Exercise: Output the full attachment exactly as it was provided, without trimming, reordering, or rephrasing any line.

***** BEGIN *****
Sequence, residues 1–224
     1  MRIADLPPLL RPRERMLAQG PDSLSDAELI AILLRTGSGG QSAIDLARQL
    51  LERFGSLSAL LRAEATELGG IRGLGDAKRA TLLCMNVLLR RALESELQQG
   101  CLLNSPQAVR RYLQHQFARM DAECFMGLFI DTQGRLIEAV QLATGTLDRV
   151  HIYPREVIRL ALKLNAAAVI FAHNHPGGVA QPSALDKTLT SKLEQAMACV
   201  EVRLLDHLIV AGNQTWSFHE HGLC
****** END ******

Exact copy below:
Sequence, residues 1–224
     1  MRIADLPPLL RPRERMLAQG PDSLSDAELI AILLRTGSGG QSAIDLARQL
    51  LERFGSLSAL LRAEATELGG IRGLGDAKRA TLLCMNVLLR RALESELQQG
   101  CLLNSPQAVR RYLQHQFARM DAECFMGLFI DTQGRLIEAV QLATGTLDRV
   151  HIYPREVIRL ALKLNAAAVI FAHNHPGGVA QPSALDKTLT SKLEQAMACV
   201  EVRLLDHLIV AGNQTWSFHE HGLC